It decisively underscored de Borah’s very impressive credentials as a pianist in global demand.
There were three selections: Sergei Prokofiev’s “Sonata No 9, Op 103” (1947); Johannes Brahms’ “Four Pieces for Piano Op 119 (Klavierstücke)” (1893); and Robert Schumann’s “Kreisleriana Op 16”, subtitled “Fantasia for Piano” (1838).
The Prokofiev was a particular challenge. Far from having much structure, this composition, while technically very difficult, seemed more like a grab-bag of random thoughts spread across four unsystematic movements.
Daniel de Borah turned what could have been confusing tedium into beauteous life, through his marvellous expression and deep sensitivity. That he played it, indeed the entire program, from memory made the performance even more special.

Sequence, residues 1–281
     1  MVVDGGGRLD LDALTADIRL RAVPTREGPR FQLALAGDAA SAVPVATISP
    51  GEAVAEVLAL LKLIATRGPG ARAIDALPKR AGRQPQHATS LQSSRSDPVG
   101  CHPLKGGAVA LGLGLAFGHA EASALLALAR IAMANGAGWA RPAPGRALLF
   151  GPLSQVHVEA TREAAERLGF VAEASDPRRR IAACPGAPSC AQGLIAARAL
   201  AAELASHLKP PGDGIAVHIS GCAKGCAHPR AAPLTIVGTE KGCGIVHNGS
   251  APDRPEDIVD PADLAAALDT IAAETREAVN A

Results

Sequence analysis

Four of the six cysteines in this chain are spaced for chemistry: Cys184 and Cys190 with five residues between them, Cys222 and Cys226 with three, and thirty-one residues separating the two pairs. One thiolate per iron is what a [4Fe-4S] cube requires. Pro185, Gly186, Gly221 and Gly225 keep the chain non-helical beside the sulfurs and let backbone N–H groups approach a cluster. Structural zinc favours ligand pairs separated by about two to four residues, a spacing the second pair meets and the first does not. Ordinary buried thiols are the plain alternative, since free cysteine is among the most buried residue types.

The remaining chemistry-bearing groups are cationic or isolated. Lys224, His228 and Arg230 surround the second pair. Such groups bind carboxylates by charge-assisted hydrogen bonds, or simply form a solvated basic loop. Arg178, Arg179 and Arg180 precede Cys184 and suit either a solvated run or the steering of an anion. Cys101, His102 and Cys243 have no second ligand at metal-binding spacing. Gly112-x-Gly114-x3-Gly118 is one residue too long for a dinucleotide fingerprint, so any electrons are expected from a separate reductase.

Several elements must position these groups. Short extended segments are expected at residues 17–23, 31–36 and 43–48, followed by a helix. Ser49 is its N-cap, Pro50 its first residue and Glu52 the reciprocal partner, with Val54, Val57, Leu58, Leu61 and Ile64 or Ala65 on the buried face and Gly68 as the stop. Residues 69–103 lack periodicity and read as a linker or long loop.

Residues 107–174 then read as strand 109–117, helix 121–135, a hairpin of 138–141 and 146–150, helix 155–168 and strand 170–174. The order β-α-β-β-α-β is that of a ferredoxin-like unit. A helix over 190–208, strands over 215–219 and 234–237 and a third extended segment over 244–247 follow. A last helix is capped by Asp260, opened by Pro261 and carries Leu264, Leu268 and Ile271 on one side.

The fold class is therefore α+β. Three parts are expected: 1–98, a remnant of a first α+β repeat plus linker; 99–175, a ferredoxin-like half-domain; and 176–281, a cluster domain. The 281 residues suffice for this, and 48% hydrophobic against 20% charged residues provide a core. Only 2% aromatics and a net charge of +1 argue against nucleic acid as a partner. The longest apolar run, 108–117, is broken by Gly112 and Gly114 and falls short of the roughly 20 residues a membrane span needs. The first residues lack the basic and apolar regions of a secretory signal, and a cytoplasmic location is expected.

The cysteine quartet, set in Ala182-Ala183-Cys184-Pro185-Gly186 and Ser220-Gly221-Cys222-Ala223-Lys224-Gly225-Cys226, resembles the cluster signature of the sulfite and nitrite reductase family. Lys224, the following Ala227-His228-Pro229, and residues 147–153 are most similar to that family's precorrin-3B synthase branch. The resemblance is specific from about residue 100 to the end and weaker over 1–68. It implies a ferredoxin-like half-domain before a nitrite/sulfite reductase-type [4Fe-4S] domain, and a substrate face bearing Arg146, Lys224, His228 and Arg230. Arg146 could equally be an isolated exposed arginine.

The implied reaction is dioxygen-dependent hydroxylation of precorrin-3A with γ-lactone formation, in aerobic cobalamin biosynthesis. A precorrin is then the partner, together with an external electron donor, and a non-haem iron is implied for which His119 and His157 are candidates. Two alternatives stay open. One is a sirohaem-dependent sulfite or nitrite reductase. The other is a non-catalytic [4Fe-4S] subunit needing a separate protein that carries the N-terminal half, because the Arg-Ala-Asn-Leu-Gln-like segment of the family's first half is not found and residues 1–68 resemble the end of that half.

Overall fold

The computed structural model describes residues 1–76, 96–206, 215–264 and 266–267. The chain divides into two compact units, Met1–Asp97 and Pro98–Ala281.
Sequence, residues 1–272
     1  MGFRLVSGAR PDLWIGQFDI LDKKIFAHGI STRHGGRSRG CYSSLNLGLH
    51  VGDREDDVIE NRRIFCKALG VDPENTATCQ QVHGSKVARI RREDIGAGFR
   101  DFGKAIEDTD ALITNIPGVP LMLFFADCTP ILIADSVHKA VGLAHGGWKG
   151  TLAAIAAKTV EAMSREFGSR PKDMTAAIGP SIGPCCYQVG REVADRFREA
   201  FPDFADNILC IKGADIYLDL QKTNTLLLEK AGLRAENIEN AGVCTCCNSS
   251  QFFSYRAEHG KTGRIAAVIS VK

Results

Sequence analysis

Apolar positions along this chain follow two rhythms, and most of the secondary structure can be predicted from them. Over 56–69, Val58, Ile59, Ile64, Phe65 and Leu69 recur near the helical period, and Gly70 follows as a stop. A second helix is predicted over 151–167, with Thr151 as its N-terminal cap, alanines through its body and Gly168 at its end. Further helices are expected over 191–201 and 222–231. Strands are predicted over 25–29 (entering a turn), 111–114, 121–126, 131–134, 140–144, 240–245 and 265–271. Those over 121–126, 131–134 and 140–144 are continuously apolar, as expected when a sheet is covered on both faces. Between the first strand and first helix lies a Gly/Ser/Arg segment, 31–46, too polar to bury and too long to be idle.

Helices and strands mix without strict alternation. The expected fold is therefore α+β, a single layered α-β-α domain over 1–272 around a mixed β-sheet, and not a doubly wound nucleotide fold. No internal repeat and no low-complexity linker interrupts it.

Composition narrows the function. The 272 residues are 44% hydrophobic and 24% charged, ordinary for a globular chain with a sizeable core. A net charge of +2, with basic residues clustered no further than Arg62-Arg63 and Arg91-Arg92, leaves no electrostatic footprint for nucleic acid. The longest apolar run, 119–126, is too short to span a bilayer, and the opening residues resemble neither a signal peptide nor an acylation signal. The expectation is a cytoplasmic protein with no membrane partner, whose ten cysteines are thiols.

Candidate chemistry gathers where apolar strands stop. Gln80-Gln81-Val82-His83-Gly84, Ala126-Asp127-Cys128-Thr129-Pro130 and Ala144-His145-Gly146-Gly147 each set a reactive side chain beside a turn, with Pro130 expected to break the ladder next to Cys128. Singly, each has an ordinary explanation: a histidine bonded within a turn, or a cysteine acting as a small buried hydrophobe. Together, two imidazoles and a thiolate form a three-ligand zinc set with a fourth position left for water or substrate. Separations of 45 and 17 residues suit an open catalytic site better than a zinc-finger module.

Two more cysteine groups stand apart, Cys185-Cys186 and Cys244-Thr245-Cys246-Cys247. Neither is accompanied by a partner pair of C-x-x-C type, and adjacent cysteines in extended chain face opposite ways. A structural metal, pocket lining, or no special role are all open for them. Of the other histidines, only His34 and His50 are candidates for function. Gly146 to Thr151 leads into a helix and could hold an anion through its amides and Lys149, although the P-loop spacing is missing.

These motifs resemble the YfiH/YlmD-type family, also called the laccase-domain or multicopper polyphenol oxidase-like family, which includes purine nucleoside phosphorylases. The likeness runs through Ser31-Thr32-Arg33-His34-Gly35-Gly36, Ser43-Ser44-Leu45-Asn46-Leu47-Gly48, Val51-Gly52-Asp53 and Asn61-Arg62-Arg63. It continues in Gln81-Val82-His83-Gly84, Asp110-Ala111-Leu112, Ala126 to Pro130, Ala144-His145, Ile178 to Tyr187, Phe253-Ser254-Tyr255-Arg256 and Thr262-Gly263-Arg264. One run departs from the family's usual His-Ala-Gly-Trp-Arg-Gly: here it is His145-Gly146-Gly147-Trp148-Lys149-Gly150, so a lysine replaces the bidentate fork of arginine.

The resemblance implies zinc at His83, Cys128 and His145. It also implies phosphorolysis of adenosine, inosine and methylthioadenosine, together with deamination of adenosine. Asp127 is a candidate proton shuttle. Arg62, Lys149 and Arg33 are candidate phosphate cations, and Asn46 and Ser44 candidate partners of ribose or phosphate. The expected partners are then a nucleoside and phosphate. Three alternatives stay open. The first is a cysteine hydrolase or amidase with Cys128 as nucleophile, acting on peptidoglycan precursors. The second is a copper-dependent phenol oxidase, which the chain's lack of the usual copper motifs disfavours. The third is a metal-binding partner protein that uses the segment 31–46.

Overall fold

The Brahms and Schumann works, written at either end of the Romantic period, but with a surprising connection – Schumann’s wife, Clara – were challenges, too. Brahms’ mixes introspection with boisterousness and Schumann’s has a dark, even tragic side to it. Once again, de Borah beguiled his audience with his intellectual approach and superior keyboard prowess.
The audience demanded several curtain calls for Daniel de Borah’s extraordinarily uplifting and rewarding concert. But he denied them an encore, simply saying: “I’m pooped.” Fair enough. He had given his all to challenge and entertain.